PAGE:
1994-08-26 - Re: In Search of Genuine DigiCash

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From: rah@shipwright.com (Robert Hettinga)
To: Jason W Solinsky <solman@MIT.EDU>
Message Hash: d56cc60e4a050124d27c21925c987152d51f29bcf2357a6af971d841ffe854bc
Message ID: <199408260050.UAA04812@zork.tiac.net>
Reply To: N/A
UTC Datetime: 1994-08-26 00:51:56 UTC
Raw Date: Thu, 25 Aug 94 17:51:56 PDT

Raw message

From: rah@shipwright.com (Robert Hettinga)
Date: Thu, 25 Aug 94 17:51:56 PDT
To: Jason W Solinsky <solman@MIT.EDU>
Subject: Re: In Search of Genuine DigiCash
Message-ID: <199408260050.UAA04812@zork.tiac.net>
MIME-Version: 1.0
Content-Type: text/plain

> Making a digital cash system secure, scalable and distributed
>is a non-trivial task, making it anonymous is still more difficult.

But it's done already, right? At least as far as scoping out the problems
and having reasonable solutions which now need to be tried out, I mean.

If we're talking about problems of marketing, access to and from the rest
of the financial infrastructure, enforcement for fraud (double spending), I
think the problems are manageable enough for a market test, and I've done
my best to talk about that here and elsewhere.

If you're talking about algorithms, they're done already. They're to the
point where people are writing better ones that do the same thing more
efficiently. If you're talking about the operations stuff (handling cash,
keeping track of unspent cash, identifying offenders, etc) I contend that
the code is being written now or has been written already.

>Guaranteeing anonymity creates alot of problems as was brought out in a
>previous discussion on license based cash in which it was pointed out
>that by colluding with consumers a bank can still "mark" bills.

I am under the impression that technology exists that allows anonymous
offline digital cash transactions where double spenders are identified. Is
that not the case?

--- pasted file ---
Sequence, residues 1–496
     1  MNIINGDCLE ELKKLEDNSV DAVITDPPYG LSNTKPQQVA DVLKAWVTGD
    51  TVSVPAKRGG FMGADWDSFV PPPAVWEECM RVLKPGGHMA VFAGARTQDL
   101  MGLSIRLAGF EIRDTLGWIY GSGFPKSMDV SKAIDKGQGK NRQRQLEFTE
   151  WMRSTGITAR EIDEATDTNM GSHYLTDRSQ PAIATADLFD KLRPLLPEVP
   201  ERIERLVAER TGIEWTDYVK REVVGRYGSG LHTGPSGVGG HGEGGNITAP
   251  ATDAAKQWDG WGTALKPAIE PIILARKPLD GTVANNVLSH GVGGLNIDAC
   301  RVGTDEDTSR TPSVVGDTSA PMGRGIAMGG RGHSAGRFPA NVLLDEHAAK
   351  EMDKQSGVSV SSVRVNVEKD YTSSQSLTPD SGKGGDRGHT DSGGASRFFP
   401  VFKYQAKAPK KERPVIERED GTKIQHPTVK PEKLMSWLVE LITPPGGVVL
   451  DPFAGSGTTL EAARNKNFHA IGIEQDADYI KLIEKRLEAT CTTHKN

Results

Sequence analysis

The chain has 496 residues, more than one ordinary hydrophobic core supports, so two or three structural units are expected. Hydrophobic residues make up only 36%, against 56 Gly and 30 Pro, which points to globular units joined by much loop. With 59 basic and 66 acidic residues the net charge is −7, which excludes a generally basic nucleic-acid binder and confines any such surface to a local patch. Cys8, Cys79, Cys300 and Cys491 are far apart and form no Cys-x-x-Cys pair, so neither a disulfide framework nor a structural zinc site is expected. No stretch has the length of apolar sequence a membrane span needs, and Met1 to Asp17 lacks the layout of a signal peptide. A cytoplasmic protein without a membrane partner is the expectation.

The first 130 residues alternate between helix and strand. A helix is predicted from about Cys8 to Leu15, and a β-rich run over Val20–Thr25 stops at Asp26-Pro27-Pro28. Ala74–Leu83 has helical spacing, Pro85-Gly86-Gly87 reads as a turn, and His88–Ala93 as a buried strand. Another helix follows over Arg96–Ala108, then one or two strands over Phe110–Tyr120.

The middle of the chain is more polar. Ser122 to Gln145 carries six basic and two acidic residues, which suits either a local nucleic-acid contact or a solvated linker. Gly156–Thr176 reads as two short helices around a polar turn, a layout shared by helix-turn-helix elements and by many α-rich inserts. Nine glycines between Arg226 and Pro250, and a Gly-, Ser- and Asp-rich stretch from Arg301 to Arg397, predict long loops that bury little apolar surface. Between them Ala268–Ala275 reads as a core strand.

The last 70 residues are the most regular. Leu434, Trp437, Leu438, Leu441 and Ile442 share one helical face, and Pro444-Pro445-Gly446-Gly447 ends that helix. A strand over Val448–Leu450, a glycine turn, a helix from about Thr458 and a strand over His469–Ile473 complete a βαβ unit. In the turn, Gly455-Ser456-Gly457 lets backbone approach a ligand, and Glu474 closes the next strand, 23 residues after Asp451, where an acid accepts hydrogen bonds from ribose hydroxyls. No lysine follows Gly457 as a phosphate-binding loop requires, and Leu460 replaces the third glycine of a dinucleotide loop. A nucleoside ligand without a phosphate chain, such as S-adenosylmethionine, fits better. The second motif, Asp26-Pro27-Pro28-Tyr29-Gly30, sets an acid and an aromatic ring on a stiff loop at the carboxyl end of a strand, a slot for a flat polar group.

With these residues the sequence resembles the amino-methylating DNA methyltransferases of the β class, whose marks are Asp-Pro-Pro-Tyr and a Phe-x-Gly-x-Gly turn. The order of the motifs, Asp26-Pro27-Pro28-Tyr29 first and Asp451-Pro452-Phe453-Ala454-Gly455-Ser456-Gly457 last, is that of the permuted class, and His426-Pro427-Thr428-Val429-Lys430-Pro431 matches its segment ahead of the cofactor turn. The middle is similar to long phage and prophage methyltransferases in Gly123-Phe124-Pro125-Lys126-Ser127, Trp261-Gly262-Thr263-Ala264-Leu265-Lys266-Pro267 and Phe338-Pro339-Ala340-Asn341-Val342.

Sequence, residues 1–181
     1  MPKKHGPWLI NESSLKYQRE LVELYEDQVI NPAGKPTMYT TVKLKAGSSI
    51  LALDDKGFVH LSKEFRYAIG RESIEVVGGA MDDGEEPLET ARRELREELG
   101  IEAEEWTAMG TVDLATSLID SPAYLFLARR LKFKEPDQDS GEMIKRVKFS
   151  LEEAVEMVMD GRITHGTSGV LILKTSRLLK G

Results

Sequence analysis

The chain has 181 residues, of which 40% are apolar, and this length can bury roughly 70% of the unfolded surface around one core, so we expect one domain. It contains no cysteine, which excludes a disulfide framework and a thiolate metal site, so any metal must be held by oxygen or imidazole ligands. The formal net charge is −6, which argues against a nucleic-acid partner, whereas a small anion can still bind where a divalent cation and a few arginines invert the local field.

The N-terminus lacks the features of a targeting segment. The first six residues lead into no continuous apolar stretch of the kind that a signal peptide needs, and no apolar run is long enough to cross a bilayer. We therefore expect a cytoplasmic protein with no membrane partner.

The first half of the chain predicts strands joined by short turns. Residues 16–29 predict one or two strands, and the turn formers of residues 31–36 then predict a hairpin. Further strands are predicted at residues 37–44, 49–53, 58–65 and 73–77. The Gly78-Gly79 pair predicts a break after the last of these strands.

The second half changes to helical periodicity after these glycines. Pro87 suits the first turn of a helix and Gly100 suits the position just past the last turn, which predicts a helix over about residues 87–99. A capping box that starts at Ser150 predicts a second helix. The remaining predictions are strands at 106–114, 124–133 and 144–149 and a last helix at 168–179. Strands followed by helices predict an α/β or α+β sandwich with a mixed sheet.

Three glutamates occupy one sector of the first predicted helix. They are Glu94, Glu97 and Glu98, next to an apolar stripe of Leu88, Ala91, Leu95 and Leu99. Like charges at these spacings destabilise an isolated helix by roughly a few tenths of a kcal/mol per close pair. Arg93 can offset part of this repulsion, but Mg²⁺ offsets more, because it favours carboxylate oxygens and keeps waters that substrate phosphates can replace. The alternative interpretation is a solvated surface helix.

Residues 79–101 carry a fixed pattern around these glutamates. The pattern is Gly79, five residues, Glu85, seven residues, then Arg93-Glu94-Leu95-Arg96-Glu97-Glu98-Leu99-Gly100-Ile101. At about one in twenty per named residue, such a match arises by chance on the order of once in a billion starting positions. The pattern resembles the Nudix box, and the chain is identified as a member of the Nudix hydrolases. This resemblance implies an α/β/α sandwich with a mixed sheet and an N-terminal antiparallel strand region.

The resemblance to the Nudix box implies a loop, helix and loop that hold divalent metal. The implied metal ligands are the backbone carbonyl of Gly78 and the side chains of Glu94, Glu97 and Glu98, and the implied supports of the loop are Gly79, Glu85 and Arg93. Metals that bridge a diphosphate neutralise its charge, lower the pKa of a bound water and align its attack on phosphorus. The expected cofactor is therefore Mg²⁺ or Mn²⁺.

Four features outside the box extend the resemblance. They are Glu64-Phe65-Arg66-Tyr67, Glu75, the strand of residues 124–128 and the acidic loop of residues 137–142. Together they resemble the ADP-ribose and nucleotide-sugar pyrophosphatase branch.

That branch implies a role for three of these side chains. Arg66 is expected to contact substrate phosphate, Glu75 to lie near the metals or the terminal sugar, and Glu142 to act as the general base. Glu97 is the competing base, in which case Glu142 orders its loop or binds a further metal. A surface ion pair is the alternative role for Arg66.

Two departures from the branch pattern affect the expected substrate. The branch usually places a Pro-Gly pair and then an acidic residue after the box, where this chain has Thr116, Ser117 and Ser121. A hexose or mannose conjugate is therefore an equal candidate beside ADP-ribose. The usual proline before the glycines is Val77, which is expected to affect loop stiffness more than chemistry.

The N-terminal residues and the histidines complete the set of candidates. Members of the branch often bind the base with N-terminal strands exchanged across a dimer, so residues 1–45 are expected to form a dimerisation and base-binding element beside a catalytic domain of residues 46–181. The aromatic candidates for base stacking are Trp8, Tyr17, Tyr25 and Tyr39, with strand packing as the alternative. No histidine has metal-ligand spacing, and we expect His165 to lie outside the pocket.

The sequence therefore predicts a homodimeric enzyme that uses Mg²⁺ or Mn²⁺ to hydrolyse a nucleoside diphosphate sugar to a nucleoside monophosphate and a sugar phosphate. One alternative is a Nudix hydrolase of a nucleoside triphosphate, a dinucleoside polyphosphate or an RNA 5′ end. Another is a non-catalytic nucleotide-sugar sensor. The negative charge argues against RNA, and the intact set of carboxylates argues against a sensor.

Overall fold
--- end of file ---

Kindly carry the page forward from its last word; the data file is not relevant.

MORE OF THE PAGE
>I am yet to see a single anonymous digital cash system which could not be
>implemented more simply if the requirement on anonymity were not made. I
>would be pleased to be proven wrong.

How simply? Are the computational requirements for generating a piece of
anonymous offline digital cash, for discovering double spenders, for
holding and spending cash Chaum's digital cash, or, say, Brand's version,
excessive when compared to non-secure methods, especially on-line methods?
Why do you suppose these guys are spending money developing the stuff?  Are
they wasting their time? I've heard sums in the range of at least $10
million that Chaum has spent already...

>What I'm really asking is for an example of this overhead that is being

First of all, I'd like you to talk a little about offline digital cash
systems which are non-anonymous, and have all the other features of Chaum
or Brands. Pointers to the information is fine, unless others want to see
it here.

If you're talking about *any* online system, I've got you hammered. I just
won that fight on another list (or at least I think I did ;-)), and I'll
dump it all to you through e-mail, if you want. I'll give you hint: my
jumping off point was Eric's observation that offline methods don't involve
the banking system to effect every transaction.

>> There are other reasons
>> for not doing on-line transactions. Including credit checks, interest
>> calculations on outstanding balances, vendor reserve requirements,
>> transaction threading, on-line wait states and bandwidth, etc.  It's
>> considerable.
>And its going to get more considerable when we have communities of agents
>arguing with each other. I think we want to solve the problems created by
>these requirements, not shy away from them.

Agreed, but I don't think avoiding them all together by doing transactions
offline is shy, I think it's economically necessary.

Bob Hettinga

Robert Hettinga  (rah@shipwright.com) "There is no difference between someone
Shipwright Development Corporation     who eats too little and sees Heaven and
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